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The Heart of India's Constitution: Exploring the Preamble and Its Evolution

The Constitution of India which was adopted by the Constituent Assembly on 26th November, 1949 and came into force on 26th January, 1950 contains a Preamble which outlines its fundamental framework. However, the Preamble holds no legal weight and cannot be used in court to demand action from the Indian government. It is possible to amend the Preamble, although it has only been done once through the 42nd Constitutional Amendment Act of 1976. The Indian Constitution underwent a major transformation with the implementation of the 42nd Amendment Act in 1976.

This significant change was brought about by the erstwhile ruling party, the Indian National Congress, under the leadership of Indira Gandhi. Often referred to as the "Mini-Constitution," this amendment brought about extensive revisions to the constitutional framework. Some notable modifications included replacing "Sovereign Democratic Republic" with "Sovereign Socialist Secular Democratic Republic" and amending "unity of the Nation" to "unity and integrity of the Nation."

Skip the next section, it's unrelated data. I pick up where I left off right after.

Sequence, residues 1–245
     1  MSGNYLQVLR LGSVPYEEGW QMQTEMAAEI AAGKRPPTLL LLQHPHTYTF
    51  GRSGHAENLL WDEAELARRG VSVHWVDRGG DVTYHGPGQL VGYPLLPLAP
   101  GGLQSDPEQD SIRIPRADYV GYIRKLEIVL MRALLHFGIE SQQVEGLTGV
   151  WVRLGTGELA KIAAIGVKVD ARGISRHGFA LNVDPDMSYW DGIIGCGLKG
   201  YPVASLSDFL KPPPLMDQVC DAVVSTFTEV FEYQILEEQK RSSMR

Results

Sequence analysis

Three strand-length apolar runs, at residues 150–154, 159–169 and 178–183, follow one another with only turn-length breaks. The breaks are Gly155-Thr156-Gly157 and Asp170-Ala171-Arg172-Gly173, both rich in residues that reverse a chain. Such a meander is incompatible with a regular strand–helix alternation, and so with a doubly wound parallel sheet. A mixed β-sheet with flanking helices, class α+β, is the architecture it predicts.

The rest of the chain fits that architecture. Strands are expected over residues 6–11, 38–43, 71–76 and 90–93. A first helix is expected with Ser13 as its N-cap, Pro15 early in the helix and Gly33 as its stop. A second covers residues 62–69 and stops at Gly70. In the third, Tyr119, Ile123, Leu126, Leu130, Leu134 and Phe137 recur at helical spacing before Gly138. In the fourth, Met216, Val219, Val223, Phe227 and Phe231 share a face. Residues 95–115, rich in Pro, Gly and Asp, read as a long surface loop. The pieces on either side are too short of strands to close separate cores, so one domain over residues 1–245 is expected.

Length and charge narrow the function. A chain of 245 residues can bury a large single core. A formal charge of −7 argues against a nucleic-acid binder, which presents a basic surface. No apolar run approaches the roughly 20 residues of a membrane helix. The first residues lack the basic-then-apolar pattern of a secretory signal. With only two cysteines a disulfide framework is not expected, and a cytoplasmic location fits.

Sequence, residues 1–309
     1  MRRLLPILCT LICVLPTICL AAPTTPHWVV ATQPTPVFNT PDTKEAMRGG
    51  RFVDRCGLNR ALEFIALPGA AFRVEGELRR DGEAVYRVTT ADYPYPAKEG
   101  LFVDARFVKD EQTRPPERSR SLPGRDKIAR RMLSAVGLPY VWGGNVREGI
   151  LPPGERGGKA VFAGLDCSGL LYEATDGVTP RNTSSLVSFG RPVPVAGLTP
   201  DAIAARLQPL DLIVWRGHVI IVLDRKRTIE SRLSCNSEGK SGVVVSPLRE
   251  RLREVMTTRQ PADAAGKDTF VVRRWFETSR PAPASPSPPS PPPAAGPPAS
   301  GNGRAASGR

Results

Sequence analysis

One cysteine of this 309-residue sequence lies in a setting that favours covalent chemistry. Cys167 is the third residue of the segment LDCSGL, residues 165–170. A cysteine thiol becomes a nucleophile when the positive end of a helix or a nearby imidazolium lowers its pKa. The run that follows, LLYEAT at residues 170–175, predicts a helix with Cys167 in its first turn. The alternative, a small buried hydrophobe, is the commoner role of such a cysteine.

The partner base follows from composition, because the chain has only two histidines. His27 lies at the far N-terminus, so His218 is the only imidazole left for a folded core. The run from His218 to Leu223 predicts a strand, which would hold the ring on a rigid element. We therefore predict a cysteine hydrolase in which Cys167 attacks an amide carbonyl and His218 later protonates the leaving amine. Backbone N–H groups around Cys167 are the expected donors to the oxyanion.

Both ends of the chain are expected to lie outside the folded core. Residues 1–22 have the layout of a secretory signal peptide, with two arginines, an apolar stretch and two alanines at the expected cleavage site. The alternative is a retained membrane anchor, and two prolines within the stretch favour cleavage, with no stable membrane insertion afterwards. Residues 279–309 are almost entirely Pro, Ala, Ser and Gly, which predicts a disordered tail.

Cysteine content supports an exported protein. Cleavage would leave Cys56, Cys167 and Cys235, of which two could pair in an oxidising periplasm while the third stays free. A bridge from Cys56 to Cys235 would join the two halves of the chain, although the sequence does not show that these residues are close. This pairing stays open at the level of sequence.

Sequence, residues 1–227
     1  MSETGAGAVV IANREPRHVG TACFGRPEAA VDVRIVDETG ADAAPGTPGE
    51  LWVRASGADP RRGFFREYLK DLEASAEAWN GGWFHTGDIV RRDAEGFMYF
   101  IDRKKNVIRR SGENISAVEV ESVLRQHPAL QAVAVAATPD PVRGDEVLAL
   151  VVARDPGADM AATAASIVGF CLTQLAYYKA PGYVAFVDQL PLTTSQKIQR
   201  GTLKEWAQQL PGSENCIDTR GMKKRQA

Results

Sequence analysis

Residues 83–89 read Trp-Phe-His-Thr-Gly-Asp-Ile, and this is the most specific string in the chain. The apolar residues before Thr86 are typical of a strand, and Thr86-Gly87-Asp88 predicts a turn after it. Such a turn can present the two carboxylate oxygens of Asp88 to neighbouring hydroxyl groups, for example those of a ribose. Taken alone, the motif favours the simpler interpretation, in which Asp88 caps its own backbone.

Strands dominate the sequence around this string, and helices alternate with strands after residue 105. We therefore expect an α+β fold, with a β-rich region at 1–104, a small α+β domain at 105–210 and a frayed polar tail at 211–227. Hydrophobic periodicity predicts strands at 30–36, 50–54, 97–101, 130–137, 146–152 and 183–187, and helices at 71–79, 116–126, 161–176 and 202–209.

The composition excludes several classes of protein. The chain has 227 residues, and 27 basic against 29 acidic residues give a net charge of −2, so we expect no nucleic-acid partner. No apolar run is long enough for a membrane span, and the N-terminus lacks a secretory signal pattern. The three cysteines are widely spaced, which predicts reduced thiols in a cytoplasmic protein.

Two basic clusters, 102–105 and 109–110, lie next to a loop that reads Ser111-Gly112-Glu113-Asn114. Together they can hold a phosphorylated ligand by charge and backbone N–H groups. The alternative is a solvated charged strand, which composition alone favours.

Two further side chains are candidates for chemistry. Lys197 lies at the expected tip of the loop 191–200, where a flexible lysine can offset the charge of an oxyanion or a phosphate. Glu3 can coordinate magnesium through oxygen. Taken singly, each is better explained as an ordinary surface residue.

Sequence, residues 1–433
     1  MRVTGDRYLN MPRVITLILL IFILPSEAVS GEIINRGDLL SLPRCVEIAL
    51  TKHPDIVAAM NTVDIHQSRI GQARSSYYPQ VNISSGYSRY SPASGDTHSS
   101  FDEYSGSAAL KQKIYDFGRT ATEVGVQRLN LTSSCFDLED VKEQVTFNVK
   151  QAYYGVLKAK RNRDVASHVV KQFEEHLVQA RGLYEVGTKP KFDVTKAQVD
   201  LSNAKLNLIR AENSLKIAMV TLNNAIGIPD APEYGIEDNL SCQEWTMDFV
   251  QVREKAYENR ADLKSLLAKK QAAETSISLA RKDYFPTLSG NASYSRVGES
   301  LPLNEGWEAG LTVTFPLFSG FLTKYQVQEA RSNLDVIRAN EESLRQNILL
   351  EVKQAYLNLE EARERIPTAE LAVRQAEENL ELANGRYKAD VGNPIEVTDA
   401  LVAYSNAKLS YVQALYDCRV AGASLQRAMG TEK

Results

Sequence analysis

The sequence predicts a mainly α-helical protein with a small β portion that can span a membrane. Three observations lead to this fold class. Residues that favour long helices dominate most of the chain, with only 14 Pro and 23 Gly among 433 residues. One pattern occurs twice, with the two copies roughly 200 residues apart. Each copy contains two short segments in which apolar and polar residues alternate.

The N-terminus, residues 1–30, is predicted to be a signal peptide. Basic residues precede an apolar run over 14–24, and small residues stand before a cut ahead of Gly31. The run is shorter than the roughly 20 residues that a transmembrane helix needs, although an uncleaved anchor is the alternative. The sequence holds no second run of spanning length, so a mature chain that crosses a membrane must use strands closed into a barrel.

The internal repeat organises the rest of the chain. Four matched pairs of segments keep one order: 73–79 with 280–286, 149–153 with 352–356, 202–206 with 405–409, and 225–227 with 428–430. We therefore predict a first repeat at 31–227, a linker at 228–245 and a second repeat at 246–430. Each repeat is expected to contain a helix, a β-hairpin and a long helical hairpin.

Understanding the Preamble:

Preamble to the Constitution of India is the opening statement that describes the basis, goals, and hopes of the Indian Republic. It defines the basic principles and values upon which the Constitution is founded, thereby acting as a guiding framework for governance, democracy, and social justice. The deep-seated value and meaning of each phrase in the Preamble will be explored in this discussion.

In the text "WE, THE PEOPLE OF INDIA," the phrase reveals how the Indian citizens possess collective sovereignty and power, which are used to determine their own future. It is a representation of democracy that has been established in India because it clearly shows that power rests with the citizens who elect their representatives and confer authority upon them.

This phrase clearly outlines the main principles and characteristics that form the basis of the Indian state as being sovereign, socialist, secular, democratic, and republican.

India is a "sovereign" country in the world; it means free from external controls and interference. It affirms India's self-governance and self-determination in both national and international dimensions, whereby decisions pertaining to India's governance are left to its citizenry.